(Frank Laubach, Man of Prayer)
The spirituality of this exercise, the Contemplatio, is the spirituality of finding and loving God in all things. The Contemplatio assumes God's love for us and it is an aid to help us in gratitude to grow in our love and service of God. This exercise has a contemplative quality to it and is focused on our inner experience of the Trinity. How is God "drawing" me (John 6:44) in my existential awareness or consciousness? Hence, the name Awareness or Consciousness Exercise. In the Awareness Exercise we are not focused on our conscience but on our consciousness, i.e., on our awareness of what is going on in our interior experience. Thus the Awareness Exercise is related to the discernment of spirits.
The discernment of spirits is about detecting among the various influences at work within me which ones lead to God and which ones lead away from God and how I am responding to them. The Awareness Exercise, then, is a daily focused exercise of discernment in a person's life. Our focus in the Awareness Exercise is on the presence and action of God in our lived experience.
This spiritual exercise asks the questions: how has God been present to and active in me today in the people, events and circumstances that I have experienced? How have I responded? The St. Augustine's Seminary Spiritual Program states it this way: "The focus of this exercise is your growing awareness of the presence of Christ in situations, events and persons during that day, and the nature of your response to this presence". [emphasis mine]
Presence-- this spiritual exercise is interpersonal, that is, it is about the mutual presence of one person (risen Christ) to another person (you)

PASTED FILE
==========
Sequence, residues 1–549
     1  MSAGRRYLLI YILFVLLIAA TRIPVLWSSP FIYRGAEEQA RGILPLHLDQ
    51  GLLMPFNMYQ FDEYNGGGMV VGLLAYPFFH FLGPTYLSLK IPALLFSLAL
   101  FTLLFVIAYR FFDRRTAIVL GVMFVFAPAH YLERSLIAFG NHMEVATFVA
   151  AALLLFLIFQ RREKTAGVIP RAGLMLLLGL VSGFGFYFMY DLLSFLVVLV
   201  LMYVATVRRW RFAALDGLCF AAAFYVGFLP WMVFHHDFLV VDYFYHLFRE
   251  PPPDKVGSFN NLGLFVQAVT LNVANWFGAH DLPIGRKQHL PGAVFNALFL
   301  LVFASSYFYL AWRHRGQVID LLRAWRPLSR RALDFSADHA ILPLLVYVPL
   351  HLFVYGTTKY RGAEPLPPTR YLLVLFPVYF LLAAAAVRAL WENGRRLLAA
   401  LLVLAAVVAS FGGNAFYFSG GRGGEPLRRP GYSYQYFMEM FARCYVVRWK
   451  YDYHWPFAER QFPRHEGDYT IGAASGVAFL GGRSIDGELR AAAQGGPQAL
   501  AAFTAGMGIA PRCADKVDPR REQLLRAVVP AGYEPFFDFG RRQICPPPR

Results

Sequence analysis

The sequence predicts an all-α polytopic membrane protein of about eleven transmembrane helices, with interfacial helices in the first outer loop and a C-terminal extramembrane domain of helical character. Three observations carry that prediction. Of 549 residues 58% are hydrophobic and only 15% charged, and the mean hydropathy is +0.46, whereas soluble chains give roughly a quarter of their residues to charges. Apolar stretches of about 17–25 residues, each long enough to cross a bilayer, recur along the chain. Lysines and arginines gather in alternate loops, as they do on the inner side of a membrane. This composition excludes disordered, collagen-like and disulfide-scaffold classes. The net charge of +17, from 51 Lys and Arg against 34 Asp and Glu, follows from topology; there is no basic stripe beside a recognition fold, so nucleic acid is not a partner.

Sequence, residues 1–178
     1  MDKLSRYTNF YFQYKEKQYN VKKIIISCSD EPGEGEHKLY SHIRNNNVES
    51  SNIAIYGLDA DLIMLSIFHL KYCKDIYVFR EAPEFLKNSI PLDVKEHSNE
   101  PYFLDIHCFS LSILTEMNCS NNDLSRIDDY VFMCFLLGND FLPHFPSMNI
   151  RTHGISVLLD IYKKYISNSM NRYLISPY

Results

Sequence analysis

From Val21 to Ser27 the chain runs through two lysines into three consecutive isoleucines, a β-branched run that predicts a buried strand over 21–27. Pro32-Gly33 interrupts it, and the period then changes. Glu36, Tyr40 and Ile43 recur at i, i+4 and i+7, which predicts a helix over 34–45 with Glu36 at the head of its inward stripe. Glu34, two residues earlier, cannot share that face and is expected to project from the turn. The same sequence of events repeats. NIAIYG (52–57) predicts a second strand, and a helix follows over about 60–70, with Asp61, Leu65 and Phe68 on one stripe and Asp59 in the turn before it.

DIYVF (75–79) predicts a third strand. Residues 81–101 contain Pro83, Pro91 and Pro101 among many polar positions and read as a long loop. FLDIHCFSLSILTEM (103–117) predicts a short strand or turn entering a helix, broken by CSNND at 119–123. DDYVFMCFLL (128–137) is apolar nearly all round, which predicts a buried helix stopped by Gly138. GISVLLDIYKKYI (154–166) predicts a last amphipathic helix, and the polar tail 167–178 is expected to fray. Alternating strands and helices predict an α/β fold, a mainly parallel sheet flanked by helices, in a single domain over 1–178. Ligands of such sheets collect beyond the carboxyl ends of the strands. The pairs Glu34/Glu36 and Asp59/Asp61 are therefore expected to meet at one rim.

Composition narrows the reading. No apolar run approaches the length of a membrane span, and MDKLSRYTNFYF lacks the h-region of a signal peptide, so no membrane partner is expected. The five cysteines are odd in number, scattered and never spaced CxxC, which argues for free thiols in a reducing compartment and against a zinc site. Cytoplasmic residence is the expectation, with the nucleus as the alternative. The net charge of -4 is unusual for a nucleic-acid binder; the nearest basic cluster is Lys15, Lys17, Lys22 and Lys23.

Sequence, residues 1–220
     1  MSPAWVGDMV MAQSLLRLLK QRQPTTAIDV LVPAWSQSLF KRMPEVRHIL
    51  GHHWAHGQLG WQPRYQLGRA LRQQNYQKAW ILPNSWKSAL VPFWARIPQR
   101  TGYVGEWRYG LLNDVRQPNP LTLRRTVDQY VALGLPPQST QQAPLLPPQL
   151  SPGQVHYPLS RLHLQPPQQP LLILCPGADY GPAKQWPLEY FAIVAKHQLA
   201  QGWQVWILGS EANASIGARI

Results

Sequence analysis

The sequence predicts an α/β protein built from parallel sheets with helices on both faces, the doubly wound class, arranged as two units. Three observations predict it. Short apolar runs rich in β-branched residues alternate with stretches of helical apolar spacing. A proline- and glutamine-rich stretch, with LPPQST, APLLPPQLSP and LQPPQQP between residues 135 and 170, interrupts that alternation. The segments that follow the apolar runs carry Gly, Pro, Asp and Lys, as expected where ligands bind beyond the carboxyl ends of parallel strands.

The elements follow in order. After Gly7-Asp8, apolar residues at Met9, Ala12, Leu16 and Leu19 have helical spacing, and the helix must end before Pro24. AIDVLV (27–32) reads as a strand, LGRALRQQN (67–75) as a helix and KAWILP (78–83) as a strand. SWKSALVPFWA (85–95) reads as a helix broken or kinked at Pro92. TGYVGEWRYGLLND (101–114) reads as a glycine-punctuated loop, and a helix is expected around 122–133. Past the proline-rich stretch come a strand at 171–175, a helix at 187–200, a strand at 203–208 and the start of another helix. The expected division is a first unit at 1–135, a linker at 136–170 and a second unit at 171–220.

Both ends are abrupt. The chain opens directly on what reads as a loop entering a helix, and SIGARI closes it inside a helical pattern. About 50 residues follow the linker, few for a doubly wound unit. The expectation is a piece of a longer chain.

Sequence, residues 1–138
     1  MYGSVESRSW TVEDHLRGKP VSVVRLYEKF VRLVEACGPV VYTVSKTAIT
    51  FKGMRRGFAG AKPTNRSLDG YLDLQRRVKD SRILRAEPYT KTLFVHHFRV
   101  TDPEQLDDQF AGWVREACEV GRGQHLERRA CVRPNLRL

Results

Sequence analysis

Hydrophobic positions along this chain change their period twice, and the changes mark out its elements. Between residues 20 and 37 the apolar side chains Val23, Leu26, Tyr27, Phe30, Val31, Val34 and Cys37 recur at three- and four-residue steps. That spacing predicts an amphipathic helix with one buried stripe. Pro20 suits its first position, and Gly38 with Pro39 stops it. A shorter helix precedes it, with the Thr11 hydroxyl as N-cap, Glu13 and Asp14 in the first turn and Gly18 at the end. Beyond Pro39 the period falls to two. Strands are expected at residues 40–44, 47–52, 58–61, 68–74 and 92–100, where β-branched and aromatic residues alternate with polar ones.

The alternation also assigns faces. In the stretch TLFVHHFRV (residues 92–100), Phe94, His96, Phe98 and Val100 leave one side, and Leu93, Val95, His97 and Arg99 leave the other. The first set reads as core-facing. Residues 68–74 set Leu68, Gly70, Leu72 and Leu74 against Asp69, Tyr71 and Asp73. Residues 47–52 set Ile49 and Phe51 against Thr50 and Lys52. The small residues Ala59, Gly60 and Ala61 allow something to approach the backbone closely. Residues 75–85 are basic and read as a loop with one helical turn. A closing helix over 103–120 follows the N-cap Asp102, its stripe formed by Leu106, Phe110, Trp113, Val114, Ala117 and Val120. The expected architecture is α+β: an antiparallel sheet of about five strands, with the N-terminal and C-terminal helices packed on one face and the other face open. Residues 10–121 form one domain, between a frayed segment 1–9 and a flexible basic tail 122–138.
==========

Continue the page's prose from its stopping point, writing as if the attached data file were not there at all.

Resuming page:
Situations, events and persons -- how is the presence of Christ mediated to me during the course of my day? The answer is in the persons, events and circumstances that I daily experience.
Your growing awareness -- Christ can be present to us, but we may not recognize or pay attention to Him. This exercise helps us become aware of Christ's presence and to grow in that awareness. Further, it is your awareness that is important, not someone else's. We are not contemplating the awareness of St. John of the Cross or of St. Therese, as helpful as that may be in other times of prayer.
Response -- the reason we want to grow in our awareness of Christ is so that we can live in closer union with Him, recognize His will and respond to Him by uniting ourselves to what He is doing in our life, in the lives of the people we encounter and serve, and in the world.
This spiritual exercise practiced faithfully can with the help of God's grace form you into a contemplative in action, that is, it will enable you to find God in all things and so unite yourself to the work of the Trinity in the world. The Awareness Exercise takes about 15 minutes and is often best performed daily towards the end of the day.
1. These notes for the use of seminarians at St. Augustine's Seminary, Toronto, draw heavily on the work of the following Jesuits who have written about the Awareness Exercise: John Veltri, John English, Joseph McArdle, Douglas McCarthy, George Aschenbrenner, Michael Ivens and Joseph Tetlow.
2. The Awareness Exercise is also commonly known as the Consciousness Examen or Awareness Examen.
3. It is rooted in three spiritual exercises in the Spiritual Exercises of St,. Ignatius of Loyola. These three exercises are: General Examination of Conscience (#32-43, especially 43), Daily Particular Examination of Conscience (#24-31), and the Contemplation to Attain the Love of God (#230-237, known by its Latin name Contemplatio). The first two exercises are similar to what is known as the Examination of Conscience. The Examination of Conscience is usually done in preparation for receiving the Sacrament of Reconciliation (Confession) and focuses on faults and sins, sorrow for them, and the need to eradicate them. Hence the Awareness Exercise is broader and more foundational than the Examination of Conscience. Our focus in the Awareness Exercise is not primarily on faults and sins but on the presence and action of God in our lived experience.